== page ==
Boris Johnson says UK’s relationship with France ‘indestructible’ despite row over AUKUS military pact | Politics News

Boris Johnson has said the UK’s relationship with France is “indestructible” despite the fallout from the new military pact with the US and Australia.

The prime minister said the “AUKUS” initiative is “not exclusionary” after France’s defence minister cancelled talks with her UK counterpart over Australia pulling out of a major contract with France for submarines in favour of the pact to build nuclear-powered vessels with the UK and US.

Brokered last week, the agreement ended a £27bn deal with France signed by Australia in 2016 to build 12 diesel-powered submarines.

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Mr Macron and Joe Biden were seen talking closely at the G7 in June

French foreign minister Jean-Yves Le Drian described it as a “stab in the back” that constitutes “unacceptable behaviour between allies and partners”.

But Mr Johnson told reporters in New York: “The UK and France have a very, very important and indestructible relationship and of course we’ll talk to all our friends about how to make the AUKUS pact work, that it’s not exclusionary, it’s not divisive and it really doesn’t have to be that way.

“This is just the way of the US, the UK and Australia of sharing certain technologies because that is the sensible thing to do in the world in which we find ourselves.

“That does not in any way mean that we wish to be adversarial towards anyone else or exclusive or crowding anyone else out.”

He added that the UK’s relationship with France is “incredibly important, it’s historic” and pointed out the two countries work together “shoulder to shoulder” fighting terrorism in the Sahel region in Africa and as part of the NATO mission in the Baltic states deterring Russian aggression.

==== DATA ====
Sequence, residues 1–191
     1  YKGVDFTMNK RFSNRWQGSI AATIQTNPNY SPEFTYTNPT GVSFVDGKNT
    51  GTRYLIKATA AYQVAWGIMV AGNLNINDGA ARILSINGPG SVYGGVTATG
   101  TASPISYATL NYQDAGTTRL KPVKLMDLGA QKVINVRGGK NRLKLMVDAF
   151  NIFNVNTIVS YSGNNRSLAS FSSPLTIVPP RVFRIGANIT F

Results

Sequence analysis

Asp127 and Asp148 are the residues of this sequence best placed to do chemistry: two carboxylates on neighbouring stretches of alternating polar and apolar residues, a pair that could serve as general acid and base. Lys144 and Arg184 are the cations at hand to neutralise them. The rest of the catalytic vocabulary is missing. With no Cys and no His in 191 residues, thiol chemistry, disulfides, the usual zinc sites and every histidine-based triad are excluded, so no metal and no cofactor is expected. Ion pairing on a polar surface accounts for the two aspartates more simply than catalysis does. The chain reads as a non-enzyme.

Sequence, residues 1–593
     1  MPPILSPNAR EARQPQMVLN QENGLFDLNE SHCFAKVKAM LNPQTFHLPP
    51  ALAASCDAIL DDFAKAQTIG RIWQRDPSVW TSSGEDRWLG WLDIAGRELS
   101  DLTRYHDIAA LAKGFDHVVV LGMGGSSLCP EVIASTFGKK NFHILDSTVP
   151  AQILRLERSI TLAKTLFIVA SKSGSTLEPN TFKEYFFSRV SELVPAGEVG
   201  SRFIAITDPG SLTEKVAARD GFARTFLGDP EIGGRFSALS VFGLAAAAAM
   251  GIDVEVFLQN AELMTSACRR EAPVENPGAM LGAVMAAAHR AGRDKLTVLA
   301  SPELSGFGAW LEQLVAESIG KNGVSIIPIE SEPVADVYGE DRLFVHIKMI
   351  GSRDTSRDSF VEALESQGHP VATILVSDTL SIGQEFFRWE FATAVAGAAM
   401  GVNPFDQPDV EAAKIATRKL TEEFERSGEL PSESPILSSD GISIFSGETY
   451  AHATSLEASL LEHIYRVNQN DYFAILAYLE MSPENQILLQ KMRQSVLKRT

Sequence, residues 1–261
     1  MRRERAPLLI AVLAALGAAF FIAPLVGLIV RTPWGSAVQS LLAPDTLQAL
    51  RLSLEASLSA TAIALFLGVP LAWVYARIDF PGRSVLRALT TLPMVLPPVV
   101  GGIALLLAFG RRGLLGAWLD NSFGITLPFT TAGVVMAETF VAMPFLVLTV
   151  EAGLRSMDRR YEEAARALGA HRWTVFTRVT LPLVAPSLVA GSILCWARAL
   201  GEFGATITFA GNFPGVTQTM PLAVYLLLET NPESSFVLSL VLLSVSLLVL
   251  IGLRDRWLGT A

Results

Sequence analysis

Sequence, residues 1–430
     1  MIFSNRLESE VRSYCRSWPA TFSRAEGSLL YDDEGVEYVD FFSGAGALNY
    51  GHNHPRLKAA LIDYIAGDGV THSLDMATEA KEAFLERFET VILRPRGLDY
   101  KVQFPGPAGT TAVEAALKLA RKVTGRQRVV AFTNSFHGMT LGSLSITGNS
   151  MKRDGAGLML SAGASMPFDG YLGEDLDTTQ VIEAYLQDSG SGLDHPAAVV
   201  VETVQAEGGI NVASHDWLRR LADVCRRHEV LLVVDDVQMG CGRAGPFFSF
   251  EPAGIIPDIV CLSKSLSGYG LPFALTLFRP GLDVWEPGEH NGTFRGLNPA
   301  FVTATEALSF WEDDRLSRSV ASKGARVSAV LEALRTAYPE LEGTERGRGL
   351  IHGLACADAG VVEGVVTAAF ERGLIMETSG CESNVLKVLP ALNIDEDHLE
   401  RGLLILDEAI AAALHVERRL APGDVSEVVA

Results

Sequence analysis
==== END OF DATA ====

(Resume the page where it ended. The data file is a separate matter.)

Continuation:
“There is one other country in the world with whom we share a programme to do simulated nuclear testing – which country is that? It’s France,” he said.

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‘AUKUS alliance will bring us closer than ever’

Defence Secretary Ben Wallace also attempted to play down suggestions of a rift after his French counterpart Florence Parly postponed a bilateral meeting with him.

Mr Wallace told the House of Commons Australia had exercised its “right to choose” but said the US and France are “our closest allies” and said he has an “extremely close relationship” with Ms Parly and “we speak regularly”.

French President Emmanuel Macron is notably absent from the UN General Assembly meeting in New York, but is due to speak to US President Joe Biden over the phone in the coming days, an official said.

France recalled its ambassadors from the US and Australia in a sign of the seriousness of the crisis, with the French foreign minister meeting with the two ambassadors on Sunday to discuss “the strategic consequences of the current crisis”, the ministry said.

Australian Prime Minister Scott Morrison said France “would have had every reason to know that we have deep and grave concerns” about the capability of France’s Attack class subs, which he said cannot meet Australia’s strategic interests.




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